As an investor, when you buy an asset, your intention is to gain returns either on a regular basis or by selling it at an appreciated price. Investment options having similar broader characteristics are put into categories called asset classes. The main classes are equities, fixed-income, cash equivalents, commodities, and real estate. But within each asset class there exist many sub-categories that differ greatly from one another. In this article, we compare emerging market stocks with US penny stocks to better understand the differences, features, and suitability. (For more, see Asset Allocation: The First Step Toward Profit)
Emerging Market Stocks
The term "emerging markets" describes developing economies that have rapid economic growth and favorable demographics. The rising stock market capitalization and economic output of these countries have brought them into the spotlight. According to the International Monetary Fund (IMF), these economies account for 40% of the world’s gross output (measured in US dollars). The figure was at 25% a decade ago.
There is no rigid definition for countries (or regions) to be called "emerging," but considerable part of Asia, Eastern Europe, Latin America, the Middle East, and Africa are included in the list. The economies collectively called the "BRIC" economies (Brazil, Russia, India, and China) are among the most prominent emerging markets. Overall, these developing economies have attracted many institutional and retail investors in recent years.
Many investors believe that geographical diversification is healthy for a portfolio, and it works better when the selected markets or assets are less related. Though global markets are becoming increasing synchronized in their movement, the degree still varies. Emerging markets are less similar to US stock markets than markets in more developed regions like Western Europe. Diversifying across these markets can help investors gain better returns while exploring new opportunities. Positive indicators for these regions include strong domestic consumption, large and young work forces, lower burden of debt on governments compared to the developed world, high saving rates, and the potential for strong industrial production and growth. (For more, see Is the Stock Correlation Strategy Effective?)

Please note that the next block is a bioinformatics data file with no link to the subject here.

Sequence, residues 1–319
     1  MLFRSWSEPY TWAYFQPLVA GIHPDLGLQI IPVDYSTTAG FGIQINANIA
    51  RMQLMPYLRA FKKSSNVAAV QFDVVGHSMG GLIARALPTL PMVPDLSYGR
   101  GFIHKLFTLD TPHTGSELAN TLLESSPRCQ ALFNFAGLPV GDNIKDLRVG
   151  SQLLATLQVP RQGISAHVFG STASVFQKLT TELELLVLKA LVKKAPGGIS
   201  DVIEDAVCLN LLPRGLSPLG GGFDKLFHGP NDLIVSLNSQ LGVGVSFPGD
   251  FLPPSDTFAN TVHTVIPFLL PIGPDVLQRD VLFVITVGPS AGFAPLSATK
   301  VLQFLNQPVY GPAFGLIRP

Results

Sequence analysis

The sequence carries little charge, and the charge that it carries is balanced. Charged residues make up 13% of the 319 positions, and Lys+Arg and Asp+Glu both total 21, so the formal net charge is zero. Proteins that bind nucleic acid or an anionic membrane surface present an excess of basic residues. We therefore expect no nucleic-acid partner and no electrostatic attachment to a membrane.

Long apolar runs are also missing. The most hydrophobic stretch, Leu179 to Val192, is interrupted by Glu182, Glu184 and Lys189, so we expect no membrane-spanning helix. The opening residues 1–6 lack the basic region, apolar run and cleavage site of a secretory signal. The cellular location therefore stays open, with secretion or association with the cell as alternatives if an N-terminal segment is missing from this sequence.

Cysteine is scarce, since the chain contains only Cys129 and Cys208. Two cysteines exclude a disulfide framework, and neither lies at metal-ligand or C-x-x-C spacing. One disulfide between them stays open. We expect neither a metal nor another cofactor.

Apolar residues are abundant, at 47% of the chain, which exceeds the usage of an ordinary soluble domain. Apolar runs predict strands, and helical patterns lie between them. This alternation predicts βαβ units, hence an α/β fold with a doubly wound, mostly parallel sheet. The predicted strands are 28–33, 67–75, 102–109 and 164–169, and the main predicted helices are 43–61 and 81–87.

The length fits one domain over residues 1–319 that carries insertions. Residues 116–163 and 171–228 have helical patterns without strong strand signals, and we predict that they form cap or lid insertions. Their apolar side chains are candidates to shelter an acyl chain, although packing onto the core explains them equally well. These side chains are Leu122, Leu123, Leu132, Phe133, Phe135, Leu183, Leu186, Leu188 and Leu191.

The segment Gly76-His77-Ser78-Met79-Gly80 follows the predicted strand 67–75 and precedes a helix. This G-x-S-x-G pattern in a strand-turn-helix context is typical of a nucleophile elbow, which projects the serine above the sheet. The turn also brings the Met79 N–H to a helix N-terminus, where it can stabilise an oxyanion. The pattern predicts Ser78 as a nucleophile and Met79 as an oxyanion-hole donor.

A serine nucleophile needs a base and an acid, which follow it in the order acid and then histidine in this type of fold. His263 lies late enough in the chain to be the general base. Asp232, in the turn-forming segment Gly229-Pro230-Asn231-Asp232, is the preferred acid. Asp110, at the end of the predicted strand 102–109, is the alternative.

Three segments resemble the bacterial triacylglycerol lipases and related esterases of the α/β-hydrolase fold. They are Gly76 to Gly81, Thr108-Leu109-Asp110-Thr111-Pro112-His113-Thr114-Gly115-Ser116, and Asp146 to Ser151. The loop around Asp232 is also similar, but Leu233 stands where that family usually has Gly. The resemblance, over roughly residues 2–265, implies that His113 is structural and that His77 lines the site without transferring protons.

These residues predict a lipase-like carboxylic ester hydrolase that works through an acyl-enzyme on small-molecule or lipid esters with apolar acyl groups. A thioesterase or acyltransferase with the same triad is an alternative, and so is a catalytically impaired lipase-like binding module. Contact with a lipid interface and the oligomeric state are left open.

However, bear in mind that these economies have smaller retail participation, and experience higher volatility and lower trading volumes than more developed economies. When investing in stocks from emerging markets, investors should consider currency risk and review the political situation in each country.
Investors looking to add some emerging market stocks can do so by directly investing in these markets through a brokerage firm (which can offer more choices) or can directly invest in stocks in larger companies that trade in the US as American depository receipts (ADR). Investors first need to select the emerging market of choice then look for high-quality stocks (high-trading volume, less volatility, solid balance sheet, and growth potential) to add to their portfolio with a medium- to long-term view. (For more, see What Is An Emerging Market Economy?)